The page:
“Jesus Christ, this is bad.” said Spotswood, burying his hands in his greasy pompadour.
Skip pushed Spotswood over a little to get a better view of the display. “Our pre-programmed move set is officially garbage–just look at that thing!”
“A control scheme with one-to-one movement is superior to manual controls. I tried to tell you,” said Bo, in the most satisfying I Told You So moment he had ever experienced.
Dezzie calmly stroked Buttercup, asleep beside her on the floor. “This video has to be CGI. There’s no way their build can be this far along.”
Despite being less than an hour old, the YouTube video featuring the Japanese build team’s robot had already picked up 2 million views. The sleek, black carapace of the Japanese bot shined as it rampaged through a series of filmed demonstrations. It slashed through blocks of concrete with sharpened claws, swiveled 360 degrees on its waist–and most shockingly–ran with inverted knees like an ostrich or velociraptor before leaping into the air and landing gracefully. The American team was left horrified; their bot could walk but they had never dared to try running or jumping.
As the team went silent, the visage of the Japanese build team’s Chief Operations Officer, Kengi Sato, came on the screen and started speaking in Japanese.
“Hey, where’s Yasamin to translate this?” Skip called out, looking around.
“I think she’s upstairs. You know, doing actual work?” said Katerina without a hint of sarcasm as she fished an orange juice out of the break room’s fridge.
Spotswood turned and rolled his eyes at Katerina. “Don’t act so high and mighty, I don’t see you pushing paper right now.”
“I’m on my break, dumbass,” said Katerina. She sat down and took a sip of her juice. “This is the break room, remember?”
“Oh,” said Spotswood, turning back around. “Skip, just turn on the damn translator!”
“But it sucks,” said Skip.
“It’s better than nothing,” said Bo, as he pushed the translate button on the video player.
“Look at Sato’s black Ray-Bans and stringy rock star hair,” said Skip, “arrogant bastard.”
“Like you’re any better,” said Dezzie.
Skip smiled. “I didn’t say being an arrogant bastard was a bad thing.”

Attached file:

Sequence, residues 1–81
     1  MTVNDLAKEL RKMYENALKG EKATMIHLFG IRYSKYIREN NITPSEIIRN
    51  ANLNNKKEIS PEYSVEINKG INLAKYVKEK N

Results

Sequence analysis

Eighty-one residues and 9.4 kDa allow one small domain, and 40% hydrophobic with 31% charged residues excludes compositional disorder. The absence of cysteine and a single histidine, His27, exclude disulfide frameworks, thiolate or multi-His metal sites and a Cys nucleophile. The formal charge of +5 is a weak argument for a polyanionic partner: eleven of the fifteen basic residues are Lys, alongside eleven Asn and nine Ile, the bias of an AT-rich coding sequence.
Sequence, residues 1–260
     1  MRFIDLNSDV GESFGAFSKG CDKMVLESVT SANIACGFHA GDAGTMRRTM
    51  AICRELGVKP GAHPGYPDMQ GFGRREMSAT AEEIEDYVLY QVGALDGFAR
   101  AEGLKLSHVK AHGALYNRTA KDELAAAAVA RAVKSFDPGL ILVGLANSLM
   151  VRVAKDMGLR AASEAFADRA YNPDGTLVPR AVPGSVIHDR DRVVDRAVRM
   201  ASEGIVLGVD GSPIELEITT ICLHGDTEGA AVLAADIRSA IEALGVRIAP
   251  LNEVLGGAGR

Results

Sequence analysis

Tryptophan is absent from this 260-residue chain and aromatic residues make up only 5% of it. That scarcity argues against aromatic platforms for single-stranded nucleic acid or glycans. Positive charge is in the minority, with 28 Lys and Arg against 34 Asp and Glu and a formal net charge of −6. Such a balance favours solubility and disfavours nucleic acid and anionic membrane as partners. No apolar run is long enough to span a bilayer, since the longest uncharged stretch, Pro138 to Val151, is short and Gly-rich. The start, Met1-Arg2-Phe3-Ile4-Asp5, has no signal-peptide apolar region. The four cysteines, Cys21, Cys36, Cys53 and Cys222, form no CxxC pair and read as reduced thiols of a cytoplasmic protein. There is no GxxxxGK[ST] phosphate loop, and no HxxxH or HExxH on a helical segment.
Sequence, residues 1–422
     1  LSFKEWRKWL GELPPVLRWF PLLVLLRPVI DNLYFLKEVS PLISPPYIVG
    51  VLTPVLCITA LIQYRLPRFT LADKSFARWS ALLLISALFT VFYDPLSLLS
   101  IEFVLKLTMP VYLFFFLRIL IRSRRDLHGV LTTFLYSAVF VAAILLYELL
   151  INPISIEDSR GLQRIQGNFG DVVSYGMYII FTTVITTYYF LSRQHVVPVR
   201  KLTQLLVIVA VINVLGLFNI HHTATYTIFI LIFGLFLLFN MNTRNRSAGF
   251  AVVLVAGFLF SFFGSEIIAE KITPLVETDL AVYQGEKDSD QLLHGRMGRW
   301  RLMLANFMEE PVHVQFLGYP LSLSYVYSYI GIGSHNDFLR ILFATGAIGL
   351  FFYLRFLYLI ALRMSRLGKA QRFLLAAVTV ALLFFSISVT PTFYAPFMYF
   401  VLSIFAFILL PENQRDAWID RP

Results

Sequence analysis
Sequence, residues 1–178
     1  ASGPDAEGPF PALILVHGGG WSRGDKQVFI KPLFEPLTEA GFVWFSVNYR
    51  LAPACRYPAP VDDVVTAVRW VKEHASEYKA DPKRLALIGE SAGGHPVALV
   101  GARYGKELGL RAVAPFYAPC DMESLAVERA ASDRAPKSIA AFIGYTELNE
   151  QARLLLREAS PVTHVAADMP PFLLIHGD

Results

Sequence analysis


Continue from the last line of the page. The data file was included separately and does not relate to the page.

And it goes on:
The approximation of a human voice began to rattle out of the speaker from the translation software. “A new sense of doom in special collaboration event: video inquiry latest. Scene footage of battle decisive victory. The ultimate victor holds the power display of destruction and speed. To opponents such as American shuffle pigs I say to you, show us what you got! Can you match this power? Response is awaited.”
“Shuffle pigs? Is that us?” asked Bo.
“Man, he’s so cool,” said Dezzie.
Bo shook his head. “Shut up! He’s not that cool.”
Katerina wandered over. “Yeah, he’s definitely cooler than any of you shuffle pigs…besides Dezzie, I mean.”
“Stop saying ‘shuffle pigs.’ This doesn’t make any sense. Go get Yasamin!” said Skip, turning toward Katerina.
Katerina shrugged. “I’m on break. Do it yourself. I heard about your frisbee injury, you need the exercise.”
“Lumin made that up!” said Skip, exasperated.
The footage of the Japanese bot looped while the video player continued to butcher Sato’s speech with its sub-par automated translation. “Accelerated schedule requested. To win we request Americans stepping up the game. I realize every day is painful stomach pressure, but I would like to victorious over you and feel the happiness quicker. That’s right, I’m calling you out!”
“That last line was in perfect English,” said Skip.
Yasamin walked into the break room wearing one of her signature metallic dresses and a pair of towering heels. “Despite all the trash talking, that video was made primarily for the Kyoto Team’s Japanese investors, not you. Besides, being multilingual is fairly common all over the world except in the states, you patriotic plebeian.”
Katerina shook her phone at Skip. “She has been summoned. Are you happy?”
“Please Yasamin, just tell me what the hell Sato is saying,” said Skip, replaying the video.
Yasamin turned off the translator and watched the video play through once. She crossed her arms and addressed the group. “With no shortage of bravado, Kengi Sato is basically bragging about his team’s build…which is apparently nearing completion.”
“I think we got that much,” said Spotswood, his wavering voice betraying his macho facade yet again.
Yasamin continued. “Basically, he’s eager to fight. He wants to move the match up a month.”
“Yeah right,” said Skip, laughing. “It’s going to take every second we can spare if we’re expected to fight that…thing…they’ve built.”
“They’re not showing any weapons in the footage,” said Dezzie.
Spotswood stood up and stretched his back. “I’m sure they’re going to keep a few tricks up their sleeves. We’re basically fucked.”
“Hello, Shuffle Pigs,” said Lumin, as she walked into the room.
“Lumin, you’re back! I assume you’ve already seen this?” said Skip, not turning around from the screen.
Lumin put her attache case down on a round table stained with sandwich condiments. “Nice to see you too, and yes, I saw it on the plane.”
Spotswood looked at Lumin with panic in his eyes. “That thing is going to shred Biz apart. Game over man, game–”
“Please, Spotswood…don’t. I can’t handle you going all Paxton on me,” said Lumin.
Bo walked up to Lumin and stood a little too close. “Lumin, they want to move up the date of the match, can you believe it?”
“I do believe it because it’s already been agreed upon,” said Lumin. The collective gasp she was expecting rolled towards her.
Skip stood up slowly and looked at Lumin. “But we–”
“It was actually Ryan Lumb’s idea, not Sato’s. Our C.O.O. is trying to drum up more interest in the match.”